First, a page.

Category: General Culture

The Ancient Art of Raymonding

Raymond verb:
To completely miss the point in an hilarious or embarrassing way.

Example of Raymonding, during the credits of The Dark Knight : “Why was that movie dedicated to Heath Ledger? … Was he originally going to play Batman or something?
… Heath Ledger played The Joker!?”

My friend Raymond is the world’s chief committer of the act of Raymonding, but I am not above admitting that I have Raymonded a movie or two in my time. My most recent example is The Counterfeiters, which won Best Foreign Movie at the Academy Awards this year.

The Counterfeiters is the story of a group of Jewish prisoners of war in Nazi Germany who are forced to counterfeit various currencies for the war effort. The movie has a master counterfeiter serving as the protagonist, and he has an antagonist in the film in the form of a man who was a vocal protestor in his days on the outside – and who is trying to sabotage the operation from the inside. I found myself thinking during the movie that this guy was just endangering the lives of the other prisoners with his sabotage efforts, and I got very frustrated with him. My explicit thought was “Just counterfeit the damned bills, they’re going to lose anyway.”

You may have noticed the flaws in my argument, these being: the prisoners did not know that Germany was going to lose the war; that, in sabotaging the progress of the counterfeit operation, they actually contributed to the weakening of the Nazi war effort, which may have been part of the difference between victory and defeat.

I did not vocalise these thoughts, so there was no one around to keep me in check. It was not until halfway through the following day that I realised that I was an idiot. At that point, I came to the conclusion that not even I can be protected from Raymonding.

Post-script: I don’t think that I spoiled The Counterfeiters by telling you that Germany suffered defeat in World War II. If you want to correct me, though … I’ll actually be pretty worried, in fact.

Cryptonomicon: No, I think you’ll find that I’m right.

Take this, Shamus!

It proves something.

You may recall, if you’re one of my three regular readers, what I had to say about Cryptonomicon. In fact, if you’re one of my three regular readers, you’ve already responded to it, either internally or on your own site. Mark bit first, and now Shamus has had a crack at it.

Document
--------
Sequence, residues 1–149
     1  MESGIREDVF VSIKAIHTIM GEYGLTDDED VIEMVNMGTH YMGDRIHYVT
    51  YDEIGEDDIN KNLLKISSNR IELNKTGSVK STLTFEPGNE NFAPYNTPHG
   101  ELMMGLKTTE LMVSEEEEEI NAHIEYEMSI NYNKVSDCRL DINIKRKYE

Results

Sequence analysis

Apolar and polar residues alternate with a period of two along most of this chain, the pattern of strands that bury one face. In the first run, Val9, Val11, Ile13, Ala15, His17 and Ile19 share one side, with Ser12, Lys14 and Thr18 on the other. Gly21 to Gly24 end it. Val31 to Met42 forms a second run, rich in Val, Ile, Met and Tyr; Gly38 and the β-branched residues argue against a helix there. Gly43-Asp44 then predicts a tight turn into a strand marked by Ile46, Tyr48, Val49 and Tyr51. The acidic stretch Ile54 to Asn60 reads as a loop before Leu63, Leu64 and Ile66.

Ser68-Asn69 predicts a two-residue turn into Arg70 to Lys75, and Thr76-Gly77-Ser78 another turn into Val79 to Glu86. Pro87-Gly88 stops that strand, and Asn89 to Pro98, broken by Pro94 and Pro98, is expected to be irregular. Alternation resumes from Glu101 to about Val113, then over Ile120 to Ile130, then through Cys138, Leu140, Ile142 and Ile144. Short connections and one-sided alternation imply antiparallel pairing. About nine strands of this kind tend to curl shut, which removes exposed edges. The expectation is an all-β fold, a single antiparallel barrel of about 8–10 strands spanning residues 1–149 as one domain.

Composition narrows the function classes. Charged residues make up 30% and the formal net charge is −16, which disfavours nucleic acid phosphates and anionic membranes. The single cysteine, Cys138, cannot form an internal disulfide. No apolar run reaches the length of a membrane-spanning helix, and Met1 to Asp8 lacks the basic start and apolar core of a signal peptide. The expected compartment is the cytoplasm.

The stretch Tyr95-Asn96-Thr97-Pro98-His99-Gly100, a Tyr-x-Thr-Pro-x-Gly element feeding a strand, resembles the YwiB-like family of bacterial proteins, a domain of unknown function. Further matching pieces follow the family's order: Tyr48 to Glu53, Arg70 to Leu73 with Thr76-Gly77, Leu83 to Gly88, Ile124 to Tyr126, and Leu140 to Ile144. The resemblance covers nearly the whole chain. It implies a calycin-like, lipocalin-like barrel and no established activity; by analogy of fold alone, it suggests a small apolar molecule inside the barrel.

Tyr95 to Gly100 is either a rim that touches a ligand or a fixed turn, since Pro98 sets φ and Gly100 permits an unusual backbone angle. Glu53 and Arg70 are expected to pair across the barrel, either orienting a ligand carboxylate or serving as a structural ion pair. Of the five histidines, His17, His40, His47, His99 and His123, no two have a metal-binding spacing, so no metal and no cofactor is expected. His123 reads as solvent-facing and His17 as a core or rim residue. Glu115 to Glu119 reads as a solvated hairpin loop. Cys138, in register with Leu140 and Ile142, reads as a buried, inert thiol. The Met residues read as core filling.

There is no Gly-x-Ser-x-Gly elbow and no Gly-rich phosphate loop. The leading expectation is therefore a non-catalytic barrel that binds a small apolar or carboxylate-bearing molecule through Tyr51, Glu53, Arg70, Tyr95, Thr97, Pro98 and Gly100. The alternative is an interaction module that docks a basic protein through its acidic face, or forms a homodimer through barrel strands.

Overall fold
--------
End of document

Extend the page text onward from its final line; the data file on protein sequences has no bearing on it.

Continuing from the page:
It’s nice to see that not everyone thinks that Cryptonomicon is the greatest book ever, but I never set out to dispel that; what I particularly like about this is that everything I stated is actually in the text proper – and liking it is simply a matter of interpretation. What makes it the best ever to some people makes it unfathomable for others. It’s an interesting examination of opinion, because it ultimately proves that one man’s novel full of digressions is another man’s novel full of digressions – but that Man A might be allergic to that while Man B bathes in it, and Woman C thinks “Dangit, Snow Crash was so compact, what went wrong?”

Which brings me to my next point (wait, I’m making points here?). Twenty Sided Reader dishuiguanyin states the following:

Even Snow Crash, while it has a wonderful racy plot, great ideas, and ancient near-Eastern mythology … also contains terrible dialogue and huge great infodumps from the librarian. So, yeah, tis a pity, but still hugely enjoyable.

The Librarian is great because the internet is reduced to goggles, and Hiro Protagonist can be doing whatever – speeding through the vast blackness of cyberspace, because they didn’t bother putting addresses on those bastards; fighting Raven; raving with avatars that all look alike – and he can still be being fed exposition! Snow Crash is awesome not because it’s got equal opportunity rapist pirates in it, but because it’s the literary equivalent of this comic:

Hacking revealed!

Sometimes all we require in life is goggles and fishnets, rather than eight page treatises on stockings and furniture. Goggles and fishnets delivered at HYPER SPEED while BYPASSING THE COMMON MAN to fight an ALEUT (like you’ve ever heard of them) with MAXIMUM HARDCORENESS. EXTREME!
Perhaps Snow Crash differs from Cryptonomicon in that it’s not afraid to be silly, whereas Cryptonomicon equates graphs with silliness. I think it hinges on Stephenson’s use of “badass”. You can see it in Snow Crash and say “fuck yeah!”, but you get a rather different, more selfconscious vibe from the later work.

Finally, as to XKCD:

Hacking revealed!

I think that says it all! Wait, it doesn’t. I just thought it was funny if you know the original strip.

Graph provided by Saturday Morning Breakfast Cereal
XKCD parody courtesy Nobody Scores

Beauty born of vandalism

Last night I saw Sweeney Todd once more, but beforehand I stopped by the bathroom of the cinema. In this particular bathroom, every stall had the words “Mr. Moops” or simply “Moops” carved into either a door or a wall. In my careful selection process – for you can never be too careful with public toilets – I saw that one of the stalls had “Moops” written in it … but underneath someone had scrawled “Moors!”.

I laughed long and hard – it was a perfect intermission for a lovely evening.

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